On September 24, 2009, the Korean American Bar Association of Chicago (“KABA”) hosted its Annual Banquet at the James Hotel, featuring keynote speaker Honorable Howard Lee Halm of the Los Angeles Superior Court, with Jonathan Choe from the Chicago Tribune’s CLTV Network as Master of Ceremonies. “It was a milestone event for the Korean American community and the legal community at large,” said KABA President, Hellin Jang. “We anticipate another exciting year of service promoting KABA’s values of civic-mindedness, professional development and community activism.”
KABA has undergone tremendous growth and change since it first began in 1993, comprised of a visionary group of attorneys who held the association’s inaugural meeting at a north-side Korean restaurant. Initially founded to enable its members to pursue cultural solidarity and to collaborate on common goals for the Korean-American community, in the last 17 years KABA has expanded its mission to include service to the greater Chicago community, bridging the gap with other diverse communities, provision of legal recruitment tips and training for law students, and offering continuing legal education events for attorneys.
KABA’s membership is comprised of partners in large firms, prominent in-house counsel, government attorneys and young lawyers. Accordingly, its members can access abundant resources for professional and personal development. As the majority of KABA’s membership include second-generation or “1.5”-generation Korean Americans, many of the members also share common cultural experiences. “We are close enough to our parents’ generation to understand our culture and values; at the same time we are integrated into contemporary American society and feel comfortable speaking in any environment,” according to Michael H. Cho, the Global Head of Anti-Money Laundering Compliance at Northern Trust Company and a KABA Advisory Board member.
Indeed, a description of KABA would be incomplete without a short explanation of the Korean American culture which Mr. Cho mentions. With Korean culture rooted in Confucianism, common values within Korean American culture include self-creation, filial piety, relationships, moral virtue and benevolence. This cultural ethos acts as both a catalyst for and beneficiary of the creativity and broad-based civic involvement which KABA seeks to foster. “The days of networking exclusively within one industry are over. There are many mutually beneficial partnerships that can be built across diverse professions: medicine, law, politics, community service, real estate, financial services -- all are fields that at some level can share common interests,” according to Mr. Cho.
In just the past year, KABA has reached across industry boundaries to facilitate service to the bar and the community within and outside Chicago. For example, KABA provides a pro bono legal clinic in conjunction with Korean American Community Services, and works alongside other organizations including Korean American Women in Need, the Asian American Bar Association, and the Chicago Committee on Minorities in Large Law Firms. In addition, members of KABA have addressed patent, bankruptcy and commercial law topics at the Korean Scientists and Engineers Conference in February 2009 in Oakbrook Terrace and also at the Association of Korean-American Professionals in the Automotive Industry’s 30th Anniversary Business and Technology Conference during the 2009 North American Auto Show in Detroit. KABA also hosts a multitude of social networking activities for its own members throughout the year. These opportunities allow KABA members to develop, refine and achieve their professional and personal goals as attorneys.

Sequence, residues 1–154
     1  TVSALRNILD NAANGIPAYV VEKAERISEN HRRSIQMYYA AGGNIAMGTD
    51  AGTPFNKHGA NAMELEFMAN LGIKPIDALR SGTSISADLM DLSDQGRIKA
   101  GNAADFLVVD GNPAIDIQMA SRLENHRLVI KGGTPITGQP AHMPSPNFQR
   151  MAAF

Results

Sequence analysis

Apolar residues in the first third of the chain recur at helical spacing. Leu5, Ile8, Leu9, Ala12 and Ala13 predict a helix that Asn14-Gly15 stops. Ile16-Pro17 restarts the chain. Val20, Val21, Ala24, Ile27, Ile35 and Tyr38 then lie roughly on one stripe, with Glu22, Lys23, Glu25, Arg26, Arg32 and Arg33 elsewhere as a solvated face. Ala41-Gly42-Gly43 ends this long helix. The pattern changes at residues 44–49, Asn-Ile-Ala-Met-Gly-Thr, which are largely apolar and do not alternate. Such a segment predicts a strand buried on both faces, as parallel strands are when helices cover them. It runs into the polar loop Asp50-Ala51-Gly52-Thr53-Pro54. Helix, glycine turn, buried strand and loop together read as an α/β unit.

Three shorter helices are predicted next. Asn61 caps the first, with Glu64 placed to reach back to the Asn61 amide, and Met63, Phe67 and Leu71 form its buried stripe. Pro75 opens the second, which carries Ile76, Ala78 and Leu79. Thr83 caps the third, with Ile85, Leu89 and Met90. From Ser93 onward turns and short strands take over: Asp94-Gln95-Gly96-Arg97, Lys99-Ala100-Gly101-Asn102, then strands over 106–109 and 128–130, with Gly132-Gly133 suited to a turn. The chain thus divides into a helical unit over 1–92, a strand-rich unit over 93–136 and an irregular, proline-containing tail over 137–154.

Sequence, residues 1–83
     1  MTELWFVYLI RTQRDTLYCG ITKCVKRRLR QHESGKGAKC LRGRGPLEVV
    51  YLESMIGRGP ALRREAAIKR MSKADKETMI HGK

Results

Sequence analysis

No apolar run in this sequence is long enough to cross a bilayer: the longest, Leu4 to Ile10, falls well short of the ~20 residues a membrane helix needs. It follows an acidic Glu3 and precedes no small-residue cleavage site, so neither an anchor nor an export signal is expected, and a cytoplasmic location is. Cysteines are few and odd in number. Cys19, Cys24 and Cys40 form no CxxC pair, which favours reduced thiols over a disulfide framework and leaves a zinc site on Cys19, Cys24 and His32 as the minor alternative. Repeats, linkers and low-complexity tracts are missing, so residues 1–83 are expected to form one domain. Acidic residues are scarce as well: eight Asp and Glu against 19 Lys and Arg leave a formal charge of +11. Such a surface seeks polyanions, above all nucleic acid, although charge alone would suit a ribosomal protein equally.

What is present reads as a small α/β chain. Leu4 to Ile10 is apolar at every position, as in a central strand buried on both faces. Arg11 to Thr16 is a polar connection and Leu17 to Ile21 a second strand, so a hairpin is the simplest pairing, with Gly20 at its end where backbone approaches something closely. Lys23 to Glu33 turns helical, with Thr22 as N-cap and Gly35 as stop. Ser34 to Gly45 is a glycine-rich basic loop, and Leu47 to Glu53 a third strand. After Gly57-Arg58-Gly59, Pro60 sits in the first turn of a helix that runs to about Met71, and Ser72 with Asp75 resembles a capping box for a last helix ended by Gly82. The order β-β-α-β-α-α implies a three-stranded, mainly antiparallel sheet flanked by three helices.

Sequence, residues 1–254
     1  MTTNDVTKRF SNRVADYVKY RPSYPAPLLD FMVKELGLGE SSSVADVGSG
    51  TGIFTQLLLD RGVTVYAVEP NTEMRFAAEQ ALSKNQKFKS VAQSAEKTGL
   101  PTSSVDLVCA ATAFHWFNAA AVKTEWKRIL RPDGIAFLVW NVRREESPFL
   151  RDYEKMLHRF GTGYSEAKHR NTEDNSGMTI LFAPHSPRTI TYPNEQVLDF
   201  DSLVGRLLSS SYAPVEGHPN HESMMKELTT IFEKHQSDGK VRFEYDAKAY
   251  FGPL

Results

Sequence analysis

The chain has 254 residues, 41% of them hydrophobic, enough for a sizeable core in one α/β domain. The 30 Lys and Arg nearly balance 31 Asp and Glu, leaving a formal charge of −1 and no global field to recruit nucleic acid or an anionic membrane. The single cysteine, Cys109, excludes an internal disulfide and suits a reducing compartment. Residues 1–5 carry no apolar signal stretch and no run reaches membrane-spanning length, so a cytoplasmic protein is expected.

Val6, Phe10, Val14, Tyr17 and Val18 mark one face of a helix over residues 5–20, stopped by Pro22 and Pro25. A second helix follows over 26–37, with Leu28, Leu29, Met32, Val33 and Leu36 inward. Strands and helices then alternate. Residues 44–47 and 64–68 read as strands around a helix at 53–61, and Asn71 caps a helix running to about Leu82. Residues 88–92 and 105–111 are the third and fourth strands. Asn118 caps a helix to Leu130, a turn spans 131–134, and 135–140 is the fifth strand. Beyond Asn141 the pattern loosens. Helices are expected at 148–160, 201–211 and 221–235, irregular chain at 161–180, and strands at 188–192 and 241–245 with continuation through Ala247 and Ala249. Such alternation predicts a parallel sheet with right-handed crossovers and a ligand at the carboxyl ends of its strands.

Important principles which underlie these goals were emphasized during the Annual Banquet. Honorable Judge Halm delivered a keynote address focusing on the five “Cs” that comprise the motto of the Los Angeles Superior Court: civility, candor, compassion, competence and courage, and their application to the practice of law. These points resonated with KABA and honored guests, including Kihong Jung, Consul of the Republic of Korea in Chicago, and the Honorable Young B. Kim, United States Magistrate Judge for the Northern District of Illinois, who is the first Asian American federal judge in Illinois and a KABA Advisory Board member. During the evening, KABA presented scholarship awards sponsored by Mayer Brown LLP to Laurie Monahan, of Loyola University Chicago School of Law, and Grace Pyun, of the DePaul University College of Law. The Banquet also featured a silent auction and raffle prizes. Following a spectacular dinner catered by the chefs of the David Burke’s Primehouse, the evening drew to a close. Overall, the KABA Annual Banquet was a perfect occasion to celebrate KABA’s achievements in 2009 and to re-focus KABA’s pursuit of shared goals of diverse bar associations throughout the state of Illinois.
In 2010, KABA is well-positioned to act upon the five Cs of success on an international scale. Chicago was recently entrusted with the honor of hosting the 2010 International Association of Korean Lawyers (“IAKL”) conference, which is held every other year outside of Korea. Chicago Host Committee Co-chairs Sang-yul Lee, Shareholder at Polsinelli Shughart PC, and Bill Yu, Partner at Hinshaw & Culbertson LLP, led a group of partners from Baker & McKenzie LLP, Mayer Brown LLP, Winston & Strawn LLP, Neal Gerber & Eisenberg LLP, Drinker Biddle & Reath LLP, and Johnson Westra Broecker Whittaker & Newitt PC to Seoul last fall to successfully compete for the 2010 conference bid. Accordingly, KABA members are now collaborating with IAKL leadership to facilitate this tremendous logistical and professional endeavor. This September 2010, KABA will host over 300 lawyers of Korean heritage from six continents for the IAKL conference in Chicago. ■